What is a celebration without wine? Definitely not one we're going to. No matter what you're serving for Christmas, we've got you covered with exactly which wines you need to pair with it. From charcuterie, to meats and poultry, to sweets—if you're hosting Christmas this year, make sure you stock your bar right.
There's no such thing as too early to start the holiday festivities. Kick off your Christmas brunch with mimosas made with Prosecco. "The Italian sparkling wine [has a] floral and frothy feel," says Tyson Koster, Director of Wine Strategy for .
"The northern Italian red sparkling, slightly off dry wine is delicious, novel, very reasonably priced, and fits in perfectly at the beginning or end of the meal," says Lex Kiefhaber, Director, Wine & Brand of . Pro tip: It's amaze with Parmesan and prosciutto.
You need a dry white wine with acidity to balance out creamy starters, or anything flavored with herbs. "Pour this crisp classic with starters like spinach artichoke dip, baked brie with fruit compote, or deviled eggs with pickled peppers," says Koster.
Pinot Noir already has a flavor profile of cranberries, cherries, and spice, so it's a must-have on your holiday table. "This lovely light-bodied wine is the red that pairs with poultry, so serve it with turkey and sweet potatoes and you might even be able to skip the cranberry sauce," Koster says.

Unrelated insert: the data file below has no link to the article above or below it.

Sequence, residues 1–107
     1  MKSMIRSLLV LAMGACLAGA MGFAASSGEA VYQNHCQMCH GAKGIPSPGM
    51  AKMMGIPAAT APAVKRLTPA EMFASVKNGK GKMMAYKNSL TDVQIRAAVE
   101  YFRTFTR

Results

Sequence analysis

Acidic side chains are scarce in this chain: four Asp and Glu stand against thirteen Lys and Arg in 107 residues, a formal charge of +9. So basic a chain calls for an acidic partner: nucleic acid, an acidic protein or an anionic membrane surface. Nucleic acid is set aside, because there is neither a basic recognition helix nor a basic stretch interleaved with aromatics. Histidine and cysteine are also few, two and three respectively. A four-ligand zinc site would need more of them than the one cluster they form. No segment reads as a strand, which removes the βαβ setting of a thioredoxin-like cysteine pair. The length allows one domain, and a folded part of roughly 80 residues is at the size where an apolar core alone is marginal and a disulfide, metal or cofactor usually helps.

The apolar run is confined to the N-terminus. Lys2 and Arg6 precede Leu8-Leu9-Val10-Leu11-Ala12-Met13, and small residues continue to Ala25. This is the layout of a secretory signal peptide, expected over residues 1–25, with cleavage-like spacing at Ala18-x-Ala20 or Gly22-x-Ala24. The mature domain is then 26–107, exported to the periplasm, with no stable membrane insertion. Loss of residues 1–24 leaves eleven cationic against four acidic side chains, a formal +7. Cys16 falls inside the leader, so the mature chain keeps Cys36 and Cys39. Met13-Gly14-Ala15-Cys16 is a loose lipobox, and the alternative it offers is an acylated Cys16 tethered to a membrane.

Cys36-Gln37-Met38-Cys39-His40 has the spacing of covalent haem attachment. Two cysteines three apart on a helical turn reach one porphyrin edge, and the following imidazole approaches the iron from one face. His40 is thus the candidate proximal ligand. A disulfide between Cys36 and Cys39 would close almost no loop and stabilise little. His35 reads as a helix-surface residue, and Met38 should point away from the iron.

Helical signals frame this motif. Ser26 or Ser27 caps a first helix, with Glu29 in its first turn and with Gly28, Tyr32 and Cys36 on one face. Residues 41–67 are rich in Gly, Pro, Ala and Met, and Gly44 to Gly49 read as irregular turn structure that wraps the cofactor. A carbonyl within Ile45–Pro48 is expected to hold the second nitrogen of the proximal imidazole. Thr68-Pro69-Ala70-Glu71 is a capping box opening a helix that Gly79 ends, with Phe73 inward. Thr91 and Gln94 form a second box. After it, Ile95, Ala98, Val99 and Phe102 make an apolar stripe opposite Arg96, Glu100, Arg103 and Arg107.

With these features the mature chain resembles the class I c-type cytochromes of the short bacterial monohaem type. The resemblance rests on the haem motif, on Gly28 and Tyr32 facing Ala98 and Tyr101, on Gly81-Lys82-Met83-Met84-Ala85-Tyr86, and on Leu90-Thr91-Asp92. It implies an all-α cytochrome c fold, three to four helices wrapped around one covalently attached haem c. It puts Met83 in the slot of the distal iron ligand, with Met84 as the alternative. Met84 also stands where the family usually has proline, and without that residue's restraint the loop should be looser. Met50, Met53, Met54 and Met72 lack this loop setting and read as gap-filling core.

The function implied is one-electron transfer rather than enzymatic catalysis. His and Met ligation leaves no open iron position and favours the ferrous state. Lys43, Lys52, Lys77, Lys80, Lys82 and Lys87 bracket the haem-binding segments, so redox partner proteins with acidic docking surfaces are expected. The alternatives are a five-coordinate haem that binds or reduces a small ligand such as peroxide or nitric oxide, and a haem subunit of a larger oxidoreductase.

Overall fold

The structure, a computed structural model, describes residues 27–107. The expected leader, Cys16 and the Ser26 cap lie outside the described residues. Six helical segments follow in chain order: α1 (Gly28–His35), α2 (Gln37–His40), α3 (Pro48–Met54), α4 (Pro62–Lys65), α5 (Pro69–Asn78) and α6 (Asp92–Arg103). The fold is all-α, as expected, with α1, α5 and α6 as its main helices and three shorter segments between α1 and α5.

You can't go wrong with a Malbec if beef is on the menu. According to Kiefhaber, "its bright, ripe fruit profile and silky-smooth texture" make the two a perfect pairing.
You need something rich, rustic, and full-bodied to accompany hearty meat dishes. If you're serving brisket, duck, stew, or a roast, reach for this Italian red. "It’s a touch spicy and a touch smoky with lots of dark fruit flavors," Koster says.
There's a time and a place for Argentinian Malbec, but if you're serving rustic fare, like lamb or beef bourguignon, reach for a Malbec from the French region of Cahors. "Malbec from Cahors is a bit more serious than its Argentinian cousin—flavors veer towards dark fruit like blackberry and currents, backed up by notes of tobacco and coffee with baking spices," says Kiefhaber.
"Moscato is a fruity, floral, and decadently off-dry white wine that fits a surprising mix of holiday occasions," says Koster. Add it to your party punch, or serve it up with your dessert course. It goes best with pies and fruit tarts.
Think rosé is only a summer wine? Think again. "This pink favorite is your secret weapon with leftovers," says Koster. Shocking but true, it goes perfectly with turkey sandwiches.